Brownsville Apartments


$2,6003BR, 1BA
Bleecker St Brownsville
No feeExclusive
Pets Allowed, Laundry Room, Dishwasher, New Building
1 Day since update
$2,5002BR, 1BA
Judge St Brownsville
Pets Allowed, Dishwasher, Backyard, Outdoor Space
1 Day since update
$2,2004BR, 1BA
Legion St Brownsville
Approved Pets Only
3 Days since update
$2,5003BR, 2BA
Eastern Pkwy Brownsville
3 Days since update
$1,7002BR, 1BA
East 98th St Brownsville
Low fee: 8.37%
900 Sq. Ft., Pets Allowed
3 Days since update
$5,6004BR, 2BA
East 95th St Brownsville
Convertible Floorplan
In-Unit Laundry, Laundry Room, On-site super, Walk-Up
4 Days since update
$1,5501BR, 1BA
Legion St Brownsville
No fee
Pets Allowed
10 Days since update
$2,5003BR, 2BA
Pacific St Brownsville
15 Days since update
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Local Subway Stops

  • 4 5 3 2 Saratoga Av
  • 4 5 3 2 Rockaway Av
  • 4 5 3 2 Junius St
  • L Atlantic Av
  • L Sutter Av

The Top No-Fee Buildings

Building Address # no-fee apts
243 East 95 Street 2
170 Suydam Street 1
351 Legion Street 1
All Brownsville apartment buildings
Brownsville map

Brownsville Statistics

1BR Median Rent
  • 50% Walk-Up
  • 13% Elevator/Laundry Building
  • 9% Pre War
  • 9% Private House
  • 4% Post War
Building types
popularity rank 2014 rank: 93

Brownsville is:


Brownsville specialists

Jerrick Matthews Photo

Jerrick Matthews
My Space NYC

Real Estate License
Mark Kerr Photo

Mark Kerr

Real Estate License
Aaron Hillel Photo

Aaron Hillel
Hillel Realty Group

Real Estate License

Neighborhood Description

Primarily public housing, Brownsville has long been acknowledged as one of New York City’s most dangerous neighborhoods.

Only recently has gentrification started in this primarily African-American and Hispanic neighborhood, and clusters of semi-detached row houses have sprung up around housing developments, allowing for private apartment living in the neighborhood. In recent years, the population has diversified and Caribbean, Hispanic, and Asian immigrants have started to settle in the area.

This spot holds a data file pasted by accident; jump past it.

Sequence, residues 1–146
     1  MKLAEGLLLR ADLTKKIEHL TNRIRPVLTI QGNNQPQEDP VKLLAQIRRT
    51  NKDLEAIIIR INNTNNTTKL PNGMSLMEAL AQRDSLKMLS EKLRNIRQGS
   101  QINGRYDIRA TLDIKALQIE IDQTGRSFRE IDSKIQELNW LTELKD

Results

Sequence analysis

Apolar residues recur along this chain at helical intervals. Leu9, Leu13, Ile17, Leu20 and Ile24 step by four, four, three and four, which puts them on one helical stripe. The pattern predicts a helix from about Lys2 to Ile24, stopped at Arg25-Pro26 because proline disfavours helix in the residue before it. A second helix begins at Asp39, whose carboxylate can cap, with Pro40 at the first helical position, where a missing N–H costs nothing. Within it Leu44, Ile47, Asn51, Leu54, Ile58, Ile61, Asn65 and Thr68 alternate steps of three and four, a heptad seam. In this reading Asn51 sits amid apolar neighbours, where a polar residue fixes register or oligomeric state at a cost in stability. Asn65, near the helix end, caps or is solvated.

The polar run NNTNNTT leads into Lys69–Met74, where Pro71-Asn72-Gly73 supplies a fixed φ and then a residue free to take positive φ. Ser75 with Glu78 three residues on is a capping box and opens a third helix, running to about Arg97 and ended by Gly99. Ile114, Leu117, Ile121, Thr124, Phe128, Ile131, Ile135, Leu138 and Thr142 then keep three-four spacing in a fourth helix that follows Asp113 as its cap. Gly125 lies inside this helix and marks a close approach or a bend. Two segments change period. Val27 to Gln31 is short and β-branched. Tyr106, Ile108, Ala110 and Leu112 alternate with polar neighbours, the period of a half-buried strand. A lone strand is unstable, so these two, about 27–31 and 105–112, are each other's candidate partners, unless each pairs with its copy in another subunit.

Founded by the Dutch, Brownsville was originally farmland, and home to stone quarries. In 1860 the land was first purchased and turned into housing lots, only to have the developer renege on his mortgage, at which time Charles S. Brown bought the land package, building 250 houses and naming it Brown’s Village. During the first part of the 20th century the community was comprised largely of Jewish immigrants who had moved from the Lower East Side, and the neighborhood was a hotbed of progressive socialist and labor activity for many years.

During the 1960s Brownsville was burned in race riots, like many other neighborhoods in the City, and the razing of the tenements made way for the public housing construction that characterizes much of the neighborhood. At the same time, Brownsville was getting a bad reputation as a crime-ridden slum, and what were originally middle-class building, had become dangerous tenements. Urban renewal started in the 1970s, as existing tenements were restored, and affordable housing was built in vacant lots, a trend that continues. The neighborhood is trending in the right direction, and community gardens have popped up where there were empty lots filled with garbage, and private developers are starting to invest in the area.

Pitkin Avenue is Brownsville’s main thoroughfare, but most of the shops and take-out stores are located on Rockaway Avenue. Fine dining is not something you’ll find in Brownsville, and shopping is limited. One of the neighborhood’s best aspects is the ease of travel, and subway stations dot the neighborhood (the A, C and L), and the commute is a mere half an hour to midtown. Another sign of progress is that in 2013, Brownsville installed its first bicycle lane, parks and playgrounds are being developed and improved, and the Betsy Head Recreation Center, which has a pool, is well-maintained.

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